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Korda hopes to repeat her success

Jessica Korda

Jessica Korda Photo: Vince Caligiuri

Jessica Korda has two goals for her return visit to Canberra - defend her Australian Open title and enjoy the final two weeks of teenage life.

The popular 19-year-old, daughter of former Australian Open tennis champion Petr, can tick both off the bucket list when she tees off at Royal Canberra on Thursday.

Korda's stunning victory at last year's tournament was at Royal Melbourne, but she's no stranger to the course having played the Royal Canberra Classic.

She's hoping to use that change of scenery to her advantage and fly under the radar in a star-studded field containing world No.1 Yani Tseng and Australian veteran Karrie Webb.

''It's a lot of fun to experience the whole defending champion thing,'' Korda said. ''I've never done it before and I'm enjoying it. If it was Royal Melbourne it would probably be a different story, but it's Royal Canberra and I feel like it's a tournament I hopefully can contend in.''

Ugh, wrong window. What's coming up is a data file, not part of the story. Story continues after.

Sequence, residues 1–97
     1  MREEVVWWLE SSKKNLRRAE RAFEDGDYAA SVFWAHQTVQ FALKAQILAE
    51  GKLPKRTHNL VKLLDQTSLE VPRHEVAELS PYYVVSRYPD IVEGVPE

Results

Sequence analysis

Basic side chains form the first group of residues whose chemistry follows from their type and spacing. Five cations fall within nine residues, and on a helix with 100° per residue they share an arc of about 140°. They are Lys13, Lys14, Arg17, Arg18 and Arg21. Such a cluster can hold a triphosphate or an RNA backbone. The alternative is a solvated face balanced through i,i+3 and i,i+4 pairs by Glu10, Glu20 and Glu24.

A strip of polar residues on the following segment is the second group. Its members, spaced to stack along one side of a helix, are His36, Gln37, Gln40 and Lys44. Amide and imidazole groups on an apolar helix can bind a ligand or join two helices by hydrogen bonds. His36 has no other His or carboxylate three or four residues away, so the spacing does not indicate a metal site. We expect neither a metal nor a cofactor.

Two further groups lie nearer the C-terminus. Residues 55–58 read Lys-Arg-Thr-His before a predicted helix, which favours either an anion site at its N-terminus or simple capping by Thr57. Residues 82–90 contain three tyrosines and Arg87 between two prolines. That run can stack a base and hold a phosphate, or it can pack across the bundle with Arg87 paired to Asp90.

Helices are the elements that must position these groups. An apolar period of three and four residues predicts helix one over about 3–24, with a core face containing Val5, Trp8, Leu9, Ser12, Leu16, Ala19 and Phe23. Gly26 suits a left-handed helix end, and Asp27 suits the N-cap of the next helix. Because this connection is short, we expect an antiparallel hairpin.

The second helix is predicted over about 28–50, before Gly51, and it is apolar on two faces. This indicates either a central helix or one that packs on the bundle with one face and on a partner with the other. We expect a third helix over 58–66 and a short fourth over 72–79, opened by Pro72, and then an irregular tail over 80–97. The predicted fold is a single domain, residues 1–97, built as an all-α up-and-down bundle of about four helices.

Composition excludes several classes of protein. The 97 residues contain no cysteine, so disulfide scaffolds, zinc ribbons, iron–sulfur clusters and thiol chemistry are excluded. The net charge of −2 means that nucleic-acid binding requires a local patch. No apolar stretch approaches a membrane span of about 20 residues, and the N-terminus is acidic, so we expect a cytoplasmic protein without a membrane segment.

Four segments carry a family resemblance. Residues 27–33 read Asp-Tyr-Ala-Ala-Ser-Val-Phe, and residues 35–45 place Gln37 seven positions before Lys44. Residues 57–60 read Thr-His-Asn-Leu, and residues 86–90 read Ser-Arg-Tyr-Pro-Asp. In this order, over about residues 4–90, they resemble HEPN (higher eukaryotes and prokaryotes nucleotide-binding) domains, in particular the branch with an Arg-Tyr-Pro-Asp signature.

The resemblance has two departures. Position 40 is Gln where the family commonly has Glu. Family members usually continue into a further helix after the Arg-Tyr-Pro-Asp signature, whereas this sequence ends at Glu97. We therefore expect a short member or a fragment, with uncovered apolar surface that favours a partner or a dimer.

Korda took a week off after the Ladies Masters on the Gold Coast for a trip to Melbourne, which included rounds at Metropolitan, Victoria and Royal Melbourne.

Handling pressure won't be a worry, even though she's well aware of the extra attention due to her father's exploits. Petr Korda won the 1998 Australian Open.

''There's always eyes on me in Australia regardless, just the last name and what my dad's accomplished,'' said Jessica Korda, who is ranked No. 72.

''He played tennis, I play golf, so there's not the comparisons to win what he did.

''The only comparison you can make is my dad was world No. 2, and I would like to beat that.''

While her father is the leader on the tennis court, Korda made it clear who has more talent with a golf club.

''I think I was 10, we played a golf course in the Czech Republic and I beat my dad by a couple of strokes and I was really proud of myself. It's been all downhill for him since then.''

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